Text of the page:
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20 Lessons From 2020


Texting is convenient. It's asynchronous. It's available. It's effortless.

My generation loves texting. Everybody has all these messaging apps, and they spend a lot of time on them. That's just how we roll. Our parents call; we text.

Texting is great in addition to normal conversation. But it cannot be a replacement. Maybe it can be the primary medium in work-related communication. But not in personal stuff.

It ruined a few things for me this year. It made a few relations so shallow, so effortless.

I want relations that require effort, require work.

Work that pays off.

Lesson two: less text, more talk.

Lesson 1: Absolutism

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Welcome to 20 Lessons From 2020 - a series of 20 posts written during the last 20 days of 2020. These are the main things I learned in this, truly, different year. I'm writing this as much for you as for myself - a reminder for the future.


There are things you may want. People you may want. Experiences you may want. And you may work really hard to get them. That's absolutely fine.

Once you're working towards something, especially when that is of value, it's easy to believe it will fix your problems. Be the one thing that makes your life fuller.

If you fail getting that thing (no matter if it's a physical things, a person, an experience, whatever), don't ever see it as the absolute solution.

Lesson one: never ever think in absolute terms, especially about people.

Let It Through

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As time goes by, we build an armor around ourselves. A shell, so to say.

To protect us from the darkness of this world. To let us live every day; to not bury us with the hardships. It's a protective element, and almost all of us have developed it to some extent.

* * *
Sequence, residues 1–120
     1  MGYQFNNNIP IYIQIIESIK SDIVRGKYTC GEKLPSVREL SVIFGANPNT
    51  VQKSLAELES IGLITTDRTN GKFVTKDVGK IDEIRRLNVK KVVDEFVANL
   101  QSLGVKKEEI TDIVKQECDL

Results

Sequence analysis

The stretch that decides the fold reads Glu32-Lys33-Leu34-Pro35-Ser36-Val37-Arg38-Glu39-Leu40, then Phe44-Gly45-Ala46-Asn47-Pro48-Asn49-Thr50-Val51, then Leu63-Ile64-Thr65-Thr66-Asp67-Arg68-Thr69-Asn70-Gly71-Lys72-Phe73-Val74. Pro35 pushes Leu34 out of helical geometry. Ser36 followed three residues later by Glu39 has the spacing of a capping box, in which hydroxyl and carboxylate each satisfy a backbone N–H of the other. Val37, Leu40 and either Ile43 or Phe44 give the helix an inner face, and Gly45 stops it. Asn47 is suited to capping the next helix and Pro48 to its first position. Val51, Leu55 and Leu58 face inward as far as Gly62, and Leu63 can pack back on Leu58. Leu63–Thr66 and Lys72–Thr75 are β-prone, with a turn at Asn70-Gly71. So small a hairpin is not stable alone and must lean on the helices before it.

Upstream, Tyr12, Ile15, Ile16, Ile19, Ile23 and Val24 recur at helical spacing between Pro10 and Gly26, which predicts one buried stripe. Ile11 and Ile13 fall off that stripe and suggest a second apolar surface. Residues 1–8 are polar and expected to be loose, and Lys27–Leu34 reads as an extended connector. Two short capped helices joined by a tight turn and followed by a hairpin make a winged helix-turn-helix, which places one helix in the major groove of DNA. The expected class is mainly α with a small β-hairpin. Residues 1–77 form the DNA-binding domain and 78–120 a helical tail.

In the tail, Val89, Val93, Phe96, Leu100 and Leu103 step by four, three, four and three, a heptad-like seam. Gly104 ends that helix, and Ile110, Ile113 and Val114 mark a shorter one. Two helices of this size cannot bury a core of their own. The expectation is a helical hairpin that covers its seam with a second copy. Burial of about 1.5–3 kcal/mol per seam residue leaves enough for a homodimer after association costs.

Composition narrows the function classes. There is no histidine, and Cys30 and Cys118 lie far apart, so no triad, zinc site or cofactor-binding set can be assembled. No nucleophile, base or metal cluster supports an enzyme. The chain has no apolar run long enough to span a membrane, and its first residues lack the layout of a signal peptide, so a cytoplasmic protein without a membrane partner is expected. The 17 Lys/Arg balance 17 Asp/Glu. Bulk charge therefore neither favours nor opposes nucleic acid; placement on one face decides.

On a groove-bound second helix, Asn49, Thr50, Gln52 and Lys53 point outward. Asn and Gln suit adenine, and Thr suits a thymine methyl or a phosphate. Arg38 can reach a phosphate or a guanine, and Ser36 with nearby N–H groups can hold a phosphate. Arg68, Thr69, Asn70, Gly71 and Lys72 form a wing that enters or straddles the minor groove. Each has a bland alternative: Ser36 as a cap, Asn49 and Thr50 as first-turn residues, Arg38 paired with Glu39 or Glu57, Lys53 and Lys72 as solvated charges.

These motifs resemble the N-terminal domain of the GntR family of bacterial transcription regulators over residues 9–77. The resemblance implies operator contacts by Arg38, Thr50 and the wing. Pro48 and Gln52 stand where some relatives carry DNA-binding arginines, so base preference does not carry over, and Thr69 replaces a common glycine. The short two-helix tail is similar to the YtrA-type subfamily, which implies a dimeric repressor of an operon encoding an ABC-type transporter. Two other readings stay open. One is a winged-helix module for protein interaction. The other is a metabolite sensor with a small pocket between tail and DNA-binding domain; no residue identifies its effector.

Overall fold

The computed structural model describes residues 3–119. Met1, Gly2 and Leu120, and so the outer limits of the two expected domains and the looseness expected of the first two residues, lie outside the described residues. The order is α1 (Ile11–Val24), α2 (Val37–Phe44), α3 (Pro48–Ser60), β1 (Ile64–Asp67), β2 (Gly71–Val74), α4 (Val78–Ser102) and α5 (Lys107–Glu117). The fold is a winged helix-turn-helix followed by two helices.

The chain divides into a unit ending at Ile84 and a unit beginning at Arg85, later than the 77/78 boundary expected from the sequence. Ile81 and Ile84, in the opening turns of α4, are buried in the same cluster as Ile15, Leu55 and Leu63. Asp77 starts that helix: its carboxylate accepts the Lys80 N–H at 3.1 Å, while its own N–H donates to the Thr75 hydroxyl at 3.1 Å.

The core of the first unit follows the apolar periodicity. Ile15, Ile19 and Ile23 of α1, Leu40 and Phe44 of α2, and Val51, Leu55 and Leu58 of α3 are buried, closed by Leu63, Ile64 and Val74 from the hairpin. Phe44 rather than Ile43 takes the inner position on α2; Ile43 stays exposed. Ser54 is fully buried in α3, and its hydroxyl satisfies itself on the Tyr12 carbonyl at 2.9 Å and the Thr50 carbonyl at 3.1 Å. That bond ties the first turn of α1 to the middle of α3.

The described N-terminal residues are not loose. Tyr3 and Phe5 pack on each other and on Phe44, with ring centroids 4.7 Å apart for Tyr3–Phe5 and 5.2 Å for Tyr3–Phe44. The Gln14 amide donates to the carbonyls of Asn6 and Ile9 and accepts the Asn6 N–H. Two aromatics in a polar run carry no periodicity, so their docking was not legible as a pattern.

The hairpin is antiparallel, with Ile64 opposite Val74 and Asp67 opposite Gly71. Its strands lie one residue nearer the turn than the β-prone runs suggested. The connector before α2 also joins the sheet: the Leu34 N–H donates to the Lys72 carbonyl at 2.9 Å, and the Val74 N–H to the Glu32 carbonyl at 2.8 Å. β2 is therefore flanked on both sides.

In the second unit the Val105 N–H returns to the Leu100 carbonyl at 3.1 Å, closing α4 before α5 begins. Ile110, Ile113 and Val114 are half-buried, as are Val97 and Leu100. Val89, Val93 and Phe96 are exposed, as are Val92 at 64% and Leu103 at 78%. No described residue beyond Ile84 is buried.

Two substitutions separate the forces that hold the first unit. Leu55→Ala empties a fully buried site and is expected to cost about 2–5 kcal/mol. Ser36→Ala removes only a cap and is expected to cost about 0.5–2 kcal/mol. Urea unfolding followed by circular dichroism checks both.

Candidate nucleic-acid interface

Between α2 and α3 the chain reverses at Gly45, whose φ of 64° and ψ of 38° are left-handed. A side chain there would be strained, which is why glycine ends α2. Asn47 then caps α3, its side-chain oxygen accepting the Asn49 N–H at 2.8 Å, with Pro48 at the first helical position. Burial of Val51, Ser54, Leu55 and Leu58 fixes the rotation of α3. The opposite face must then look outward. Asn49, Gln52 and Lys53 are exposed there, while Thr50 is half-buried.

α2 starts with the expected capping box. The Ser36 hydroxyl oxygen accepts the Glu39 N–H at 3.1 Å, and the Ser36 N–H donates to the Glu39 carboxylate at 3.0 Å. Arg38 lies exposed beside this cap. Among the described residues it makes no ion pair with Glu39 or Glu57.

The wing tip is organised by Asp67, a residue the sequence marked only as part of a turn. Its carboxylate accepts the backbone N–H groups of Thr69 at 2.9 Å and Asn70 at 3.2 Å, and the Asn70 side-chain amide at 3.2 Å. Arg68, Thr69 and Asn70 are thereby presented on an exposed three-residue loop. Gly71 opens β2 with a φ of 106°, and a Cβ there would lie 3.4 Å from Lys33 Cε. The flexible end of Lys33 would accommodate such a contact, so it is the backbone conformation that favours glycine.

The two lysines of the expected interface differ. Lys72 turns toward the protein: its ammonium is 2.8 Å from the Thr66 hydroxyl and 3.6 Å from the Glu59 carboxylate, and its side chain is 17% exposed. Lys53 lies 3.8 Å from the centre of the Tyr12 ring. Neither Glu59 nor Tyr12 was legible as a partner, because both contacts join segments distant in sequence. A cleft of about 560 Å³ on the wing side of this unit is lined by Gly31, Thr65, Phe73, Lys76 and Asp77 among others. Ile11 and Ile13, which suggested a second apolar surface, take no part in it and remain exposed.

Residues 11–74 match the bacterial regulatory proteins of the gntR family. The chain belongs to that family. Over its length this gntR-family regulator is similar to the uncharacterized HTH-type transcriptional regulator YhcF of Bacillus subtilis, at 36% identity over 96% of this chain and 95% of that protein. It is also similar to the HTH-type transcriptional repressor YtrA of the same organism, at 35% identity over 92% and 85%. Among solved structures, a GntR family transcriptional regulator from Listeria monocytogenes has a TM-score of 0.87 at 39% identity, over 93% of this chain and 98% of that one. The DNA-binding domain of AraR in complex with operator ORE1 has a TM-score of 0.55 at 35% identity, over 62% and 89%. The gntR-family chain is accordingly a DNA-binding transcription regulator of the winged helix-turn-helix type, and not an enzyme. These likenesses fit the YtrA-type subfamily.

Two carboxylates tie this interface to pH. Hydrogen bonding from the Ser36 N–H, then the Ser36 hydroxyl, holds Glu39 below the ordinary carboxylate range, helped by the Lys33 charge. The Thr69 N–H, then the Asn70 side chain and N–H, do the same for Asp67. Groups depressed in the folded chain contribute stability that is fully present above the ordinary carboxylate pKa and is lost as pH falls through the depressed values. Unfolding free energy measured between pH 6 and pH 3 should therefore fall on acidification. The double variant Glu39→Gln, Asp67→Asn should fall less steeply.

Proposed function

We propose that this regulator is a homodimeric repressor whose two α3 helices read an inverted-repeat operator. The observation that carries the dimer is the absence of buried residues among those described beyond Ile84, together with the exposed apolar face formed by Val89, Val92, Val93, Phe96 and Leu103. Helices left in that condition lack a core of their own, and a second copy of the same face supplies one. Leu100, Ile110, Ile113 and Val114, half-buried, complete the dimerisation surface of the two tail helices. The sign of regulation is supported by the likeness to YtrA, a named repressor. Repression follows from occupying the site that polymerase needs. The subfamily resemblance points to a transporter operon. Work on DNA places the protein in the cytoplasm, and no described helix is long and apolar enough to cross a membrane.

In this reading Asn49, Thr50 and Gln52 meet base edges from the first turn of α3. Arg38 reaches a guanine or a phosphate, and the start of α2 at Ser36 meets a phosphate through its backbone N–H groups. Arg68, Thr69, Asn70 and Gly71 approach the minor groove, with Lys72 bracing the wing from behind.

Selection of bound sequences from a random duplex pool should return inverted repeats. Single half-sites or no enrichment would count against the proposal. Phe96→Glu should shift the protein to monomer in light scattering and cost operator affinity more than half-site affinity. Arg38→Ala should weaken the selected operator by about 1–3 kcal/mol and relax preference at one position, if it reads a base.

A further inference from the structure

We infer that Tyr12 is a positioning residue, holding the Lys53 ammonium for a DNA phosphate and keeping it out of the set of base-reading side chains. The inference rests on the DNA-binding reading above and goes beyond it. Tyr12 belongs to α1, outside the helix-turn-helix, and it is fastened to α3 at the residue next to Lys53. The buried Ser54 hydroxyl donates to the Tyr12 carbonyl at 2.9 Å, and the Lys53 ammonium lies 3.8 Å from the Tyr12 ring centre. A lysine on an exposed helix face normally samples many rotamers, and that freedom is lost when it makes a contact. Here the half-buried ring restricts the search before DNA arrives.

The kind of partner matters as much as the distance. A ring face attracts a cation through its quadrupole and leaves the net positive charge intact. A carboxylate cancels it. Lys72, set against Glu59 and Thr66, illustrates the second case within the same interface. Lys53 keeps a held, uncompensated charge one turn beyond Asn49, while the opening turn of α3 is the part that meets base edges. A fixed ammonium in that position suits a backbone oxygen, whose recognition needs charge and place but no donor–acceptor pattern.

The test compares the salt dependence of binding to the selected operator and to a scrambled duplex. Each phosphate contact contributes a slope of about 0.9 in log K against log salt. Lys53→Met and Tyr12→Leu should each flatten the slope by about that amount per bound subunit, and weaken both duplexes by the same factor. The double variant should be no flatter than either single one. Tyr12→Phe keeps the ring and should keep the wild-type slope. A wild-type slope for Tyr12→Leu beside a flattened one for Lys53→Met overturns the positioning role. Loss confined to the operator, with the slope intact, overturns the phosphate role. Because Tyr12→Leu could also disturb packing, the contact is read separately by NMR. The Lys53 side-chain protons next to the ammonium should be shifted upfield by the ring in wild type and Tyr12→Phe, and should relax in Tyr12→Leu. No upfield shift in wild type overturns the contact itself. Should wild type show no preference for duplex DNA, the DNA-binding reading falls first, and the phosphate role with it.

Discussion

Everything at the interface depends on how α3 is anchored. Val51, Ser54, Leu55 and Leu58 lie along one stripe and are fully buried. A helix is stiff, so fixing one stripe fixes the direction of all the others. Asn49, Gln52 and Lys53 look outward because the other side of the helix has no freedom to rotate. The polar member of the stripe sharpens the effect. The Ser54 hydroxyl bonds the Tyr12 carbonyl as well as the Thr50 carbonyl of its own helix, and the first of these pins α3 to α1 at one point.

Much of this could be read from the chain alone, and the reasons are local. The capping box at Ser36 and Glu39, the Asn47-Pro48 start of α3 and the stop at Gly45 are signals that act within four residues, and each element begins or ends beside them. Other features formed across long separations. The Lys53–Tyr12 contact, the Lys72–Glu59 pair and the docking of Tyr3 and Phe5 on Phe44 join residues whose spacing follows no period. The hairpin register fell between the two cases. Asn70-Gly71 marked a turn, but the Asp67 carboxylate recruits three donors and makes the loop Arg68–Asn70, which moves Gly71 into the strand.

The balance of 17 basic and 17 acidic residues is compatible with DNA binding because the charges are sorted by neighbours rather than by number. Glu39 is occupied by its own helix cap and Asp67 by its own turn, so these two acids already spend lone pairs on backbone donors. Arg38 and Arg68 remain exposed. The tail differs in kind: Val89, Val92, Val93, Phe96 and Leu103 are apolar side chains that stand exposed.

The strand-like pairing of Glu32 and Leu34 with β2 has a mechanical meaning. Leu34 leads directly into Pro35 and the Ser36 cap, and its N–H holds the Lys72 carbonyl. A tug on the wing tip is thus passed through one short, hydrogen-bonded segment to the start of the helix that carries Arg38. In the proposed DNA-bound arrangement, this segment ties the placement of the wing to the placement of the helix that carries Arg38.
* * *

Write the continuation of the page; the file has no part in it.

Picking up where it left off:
Yet, it's incredibly easy to build it too thick, to develop a level of apathy. To not feel; to not let things through. To become numb, block all incoming signal. This may happen both unintentionally and intentionally. But it's always absolute in its effects.

When you reach that point, you start depriving yourself of your own humanity. It starts to fade away, as you move forward into the grayness of your own void.

Let it through, let it in. Let it break you. Let yourself fall.

Don't avoid darkness, you'll never see light then.

Seven Days

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I haven't written anything on my daily blog for seven days.

There, I said it.

I knew this moment would come; it was not an if, it was a when.

Frankly, I expected that it'd happen during an ultra-turbulent period of my life. While, sure, many things are happening right now, it's not as severe as I thought it'd be.

Writing daily has become such a key component of who I am, what I do, how I think, that living without writing daily was an interesting experiment to undertake. After all, I literally did it for 561 straight.

On one hand, I felt free. Seriously, it felt like someone gave me permission to let go, to do whatever I want. Now, I didn't have to delay getting into the bed in the evening. There was no blog to write.

Soon, two things hit me. First, I had no place to express my thoughts. And that showed during the day. I had ideas, but they were left to rot in my mind. Loosing their value and relevance, and at the same time occupying my brain unnecessarily. Awful.

It's good to be back.